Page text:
An industry is a group of firms that offer a product or class of products that are close substitutes for one another. Industries are classified according to number of sellers; degree of product differentiation; presence or absence of entry, mobility, and exit barriers; cost structure; degree of vertical integration; and degree of globalization.
Number of sellers and degree of differentiation:
The starting point for describing an industry is to specify the number of sellers and whether the product is homogeneous or highly differentiated give rise to four industry structure types:
1. Pure monopoly â€“ Only one firm provides a certain product or services in a certain country or area (a local water or cable company). An unregulated monopolist might charge a high price, do little or no advertising and offer minimal service. If partial substitutes are available and there is some danger of competition, the monopolist might invest in more service and technology. A regulated monopolist is required to charge a lower price and provide more service as a matter of public interest.
2. Oligopoly â€“ A small number of (usually) large firms produce products that range from highly differentiated to standard. Pure oligopoly consists of a few companies producing essentially the same commodity (oil, steel). Such companies would find it hard to charge anything more than the going price. If competitors match on price and services, the only way to gain a competitive advantage is through lower costs. Differentiated oligopoly consists of a few companies producing products (autos, cameras) partially differentiated along lines of quality, features, styling, or services. Each competitor may seek leadership in one of these major attributes, attract the customers favoring that attribute, and charge a price premium for that attribute.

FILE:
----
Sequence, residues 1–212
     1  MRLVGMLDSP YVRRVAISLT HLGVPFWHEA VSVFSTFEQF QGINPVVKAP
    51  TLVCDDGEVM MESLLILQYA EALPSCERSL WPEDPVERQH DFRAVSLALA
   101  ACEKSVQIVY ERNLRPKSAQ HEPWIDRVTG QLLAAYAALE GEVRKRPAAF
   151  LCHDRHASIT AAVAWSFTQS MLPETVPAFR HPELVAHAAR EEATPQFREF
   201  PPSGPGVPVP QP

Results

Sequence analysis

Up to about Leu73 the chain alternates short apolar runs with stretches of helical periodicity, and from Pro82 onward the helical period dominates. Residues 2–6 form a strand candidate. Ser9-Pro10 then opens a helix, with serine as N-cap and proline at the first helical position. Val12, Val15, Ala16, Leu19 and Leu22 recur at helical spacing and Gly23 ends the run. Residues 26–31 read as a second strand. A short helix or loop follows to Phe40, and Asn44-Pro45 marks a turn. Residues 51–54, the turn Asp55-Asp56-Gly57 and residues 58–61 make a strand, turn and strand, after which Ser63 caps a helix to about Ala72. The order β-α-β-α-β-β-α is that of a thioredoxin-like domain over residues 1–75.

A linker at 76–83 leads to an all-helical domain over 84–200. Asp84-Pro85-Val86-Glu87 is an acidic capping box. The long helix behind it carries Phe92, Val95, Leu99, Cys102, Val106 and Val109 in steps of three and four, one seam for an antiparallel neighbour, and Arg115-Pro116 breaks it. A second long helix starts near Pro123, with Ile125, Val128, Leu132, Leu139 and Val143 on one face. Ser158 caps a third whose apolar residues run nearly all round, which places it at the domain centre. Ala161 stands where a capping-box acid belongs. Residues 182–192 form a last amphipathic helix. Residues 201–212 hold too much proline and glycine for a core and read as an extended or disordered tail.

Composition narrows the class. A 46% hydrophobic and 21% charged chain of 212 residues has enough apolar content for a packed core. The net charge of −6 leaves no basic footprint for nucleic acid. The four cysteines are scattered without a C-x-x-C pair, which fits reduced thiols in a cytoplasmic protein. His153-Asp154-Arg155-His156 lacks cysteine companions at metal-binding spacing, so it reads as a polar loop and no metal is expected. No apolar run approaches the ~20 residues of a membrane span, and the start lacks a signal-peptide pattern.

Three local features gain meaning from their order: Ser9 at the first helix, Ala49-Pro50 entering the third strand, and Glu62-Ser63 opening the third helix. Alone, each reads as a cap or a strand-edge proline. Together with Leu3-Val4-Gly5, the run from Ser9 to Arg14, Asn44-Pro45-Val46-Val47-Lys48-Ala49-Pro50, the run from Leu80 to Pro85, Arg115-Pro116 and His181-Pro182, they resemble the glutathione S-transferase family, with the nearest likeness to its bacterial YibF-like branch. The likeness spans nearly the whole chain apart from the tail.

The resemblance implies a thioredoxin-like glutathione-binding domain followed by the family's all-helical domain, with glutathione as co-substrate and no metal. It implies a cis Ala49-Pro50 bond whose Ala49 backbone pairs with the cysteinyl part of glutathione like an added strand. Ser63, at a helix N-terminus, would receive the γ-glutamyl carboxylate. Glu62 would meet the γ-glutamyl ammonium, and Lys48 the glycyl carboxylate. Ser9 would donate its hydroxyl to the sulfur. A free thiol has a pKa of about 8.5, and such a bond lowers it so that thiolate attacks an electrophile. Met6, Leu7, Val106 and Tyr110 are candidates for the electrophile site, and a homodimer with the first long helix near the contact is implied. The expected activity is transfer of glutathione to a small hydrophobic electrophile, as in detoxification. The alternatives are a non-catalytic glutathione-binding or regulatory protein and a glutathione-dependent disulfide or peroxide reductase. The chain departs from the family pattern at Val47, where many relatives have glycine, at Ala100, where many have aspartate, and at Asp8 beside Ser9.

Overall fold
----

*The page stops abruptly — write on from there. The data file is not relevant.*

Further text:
3. Monopolistic competition â€“ Many competitors are able to differentiate their offers in whole or in part (restaurants, beauty shops). Competitors focus on market segments where they can meet customer needs in a superior way and command a price premium.
4. Pure competition — Many competitors offer the same product and service (stock market, commodity market). Because there is no basis for differentiation, competitorsâ€™ process will be the same. No competitor will advertise unless advertising can create psychological differentiation (cigarettes, beer) in which case it would be more proper to describe the industry as monopolistically competitive.
An industryâ€™s competitive structure can change over time. For instance, the media industry has continued to consolidate, turning from monopolistic into a differentiated oligopoly.
Media Industry â€“ A case:
For more than a decade, the media business has been steadily consolidating to the point that four media empires can now vertically integrate content with distribution: Rupert Murdochâ€™s $30 billion News corp., Time Warner at $39.9 million, $26.6 billion Viacom and, the smallest, $6.9 billion NBC. Combining the studios that produce programming with cable and broadcasting units that distribute content saves money benefits shareholders. However, consumers are concerned by the effects of dwindling competition. With fewer people deciding on programming, quality and variety could suffer, and less competition may mean higher prices for cable and satellite subscribers. Also, most important, if a few giants control content and distribution, smaller, more innovation programs could be squeezed.